The Palm Oil industry has proved to be one of the most resilient sectors of growth for the Malaysian and Indonesian economies. Today, roughly three quarters of the world is dependent on this crop. Owing to its high oil yield and relatively low cost, this is not expected to change anytime soon. There have, however, been significant changes in social consciousness in recent years that has greatly impacted this food crop, mainly that it has acquired a somewhat unsavory reputation as being the primary driver of deforestation and environmental degradation.
When I first began research into the evolving field of Bioremediation in the 1980s, two things were clear. The first was the increasing amount of organic waste byproduct being discharged into the environment by Palm Oil Mills and the incremental damage that it was causing. The second was my belief that Nature could hold the answer to many of our environmental concerns.
Back then, companies were more interested in investing in avant-garde technology; perhaps due to our enduring fascination with gigantic steel and robotic structures. Relying on billions of Nature’s unseen microbes to do the work, on the other hand, was deemed uninspiring. But with time – and higher fuel costs, a louder voice for environmental consciousness, as well as more scientific study dedicated into Nature’s own biological ‘robots’ – these perceptions began to change. Remarkable breakthroughs have been achieved since by our scientists in emerging scientific fields such as Biomimicry, further affirming my own convictions – that Nature may have actually predicted the mess that Man would find himself in and laid the groundwork to its solutions many millions of years ago!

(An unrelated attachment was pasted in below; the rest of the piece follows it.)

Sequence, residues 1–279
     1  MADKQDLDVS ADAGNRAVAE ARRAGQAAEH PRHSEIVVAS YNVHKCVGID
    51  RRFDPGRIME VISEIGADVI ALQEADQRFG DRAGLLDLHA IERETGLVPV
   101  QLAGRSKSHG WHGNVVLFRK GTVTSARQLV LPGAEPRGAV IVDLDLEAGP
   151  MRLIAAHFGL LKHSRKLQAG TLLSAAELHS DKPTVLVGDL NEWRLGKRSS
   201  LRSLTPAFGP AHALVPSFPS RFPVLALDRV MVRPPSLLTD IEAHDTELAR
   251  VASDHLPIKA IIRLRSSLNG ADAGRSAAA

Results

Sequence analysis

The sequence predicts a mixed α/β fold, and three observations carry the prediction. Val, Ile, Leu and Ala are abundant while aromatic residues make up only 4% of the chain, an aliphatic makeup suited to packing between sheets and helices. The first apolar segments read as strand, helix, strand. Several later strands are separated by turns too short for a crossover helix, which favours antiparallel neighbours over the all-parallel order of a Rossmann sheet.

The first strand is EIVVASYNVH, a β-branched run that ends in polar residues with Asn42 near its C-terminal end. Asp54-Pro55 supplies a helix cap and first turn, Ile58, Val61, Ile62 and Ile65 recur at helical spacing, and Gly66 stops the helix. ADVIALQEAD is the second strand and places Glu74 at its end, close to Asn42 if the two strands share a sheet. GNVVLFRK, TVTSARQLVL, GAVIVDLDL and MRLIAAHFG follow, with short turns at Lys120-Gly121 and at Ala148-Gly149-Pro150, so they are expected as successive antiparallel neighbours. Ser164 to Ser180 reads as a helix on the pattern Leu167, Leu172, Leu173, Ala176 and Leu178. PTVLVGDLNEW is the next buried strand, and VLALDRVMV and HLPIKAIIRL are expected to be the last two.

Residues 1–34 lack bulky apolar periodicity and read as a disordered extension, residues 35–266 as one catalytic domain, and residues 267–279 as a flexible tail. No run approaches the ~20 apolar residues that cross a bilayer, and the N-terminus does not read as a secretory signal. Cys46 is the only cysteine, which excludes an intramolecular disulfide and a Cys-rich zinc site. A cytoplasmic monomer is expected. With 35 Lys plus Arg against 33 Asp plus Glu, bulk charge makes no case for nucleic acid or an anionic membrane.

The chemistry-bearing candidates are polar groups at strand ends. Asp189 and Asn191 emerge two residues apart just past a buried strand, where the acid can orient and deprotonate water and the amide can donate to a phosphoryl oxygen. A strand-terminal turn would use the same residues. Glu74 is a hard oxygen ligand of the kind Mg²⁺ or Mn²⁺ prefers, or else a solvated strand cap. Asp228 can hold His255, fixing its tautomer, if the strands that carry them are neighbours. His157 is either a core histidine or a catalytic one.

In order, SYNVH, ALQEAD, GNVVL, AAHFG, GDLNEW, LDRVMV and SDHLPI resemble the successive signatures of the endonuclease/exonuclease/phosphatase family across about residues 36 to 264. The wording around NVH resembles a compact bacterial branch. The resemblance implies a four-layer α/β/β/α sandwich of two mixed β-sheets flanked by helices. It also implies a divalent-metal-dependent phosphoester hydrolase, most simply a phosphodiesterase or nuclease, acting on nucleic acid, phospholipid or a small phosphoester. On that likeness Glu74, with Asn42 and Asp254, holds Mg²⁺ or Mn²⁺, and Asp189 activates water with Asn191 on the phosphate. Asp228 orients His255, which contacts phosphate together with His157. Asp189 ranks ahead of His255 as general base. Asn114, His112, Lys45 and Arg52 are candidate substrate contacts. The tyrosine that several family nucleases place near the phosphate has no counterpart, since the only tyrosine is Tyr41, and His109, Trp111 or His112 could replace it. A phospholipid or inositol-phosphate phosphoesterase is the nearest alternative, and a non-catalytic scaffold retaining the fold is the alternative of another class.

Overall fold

I turned my attention towards pressing concerns in the Palm Oil industry, in particular the sheer volume of waste produced by Oil Palm mills every single day. At that time, the accepted industry solution was waste water treatment facilities and filtration systems costing upwards of USD2 million, or the construction of more and more ponds. Incidentally, a few Malaysian, Danish, Indian and American scientist friends were pioneering research into microbiologically-aided municipal waste treatment systems, and I inquired if similar applications could work with organic waste from Oil Palm mills. The possibilities were intriguing.
Fast forward to 2008, BARformula Technology was introduced to the market. Today, our technology has been fully implemented in mills of some of the world’s largest Oil Palm producers in Malaysia and Indonesia. Our solution not only saves the mills millions in dollars each year, but also solves critical environmental and social issues for the Palm Oil industry.
Sincerely,Prathapan Pillai CEO firstname.lastname@example.org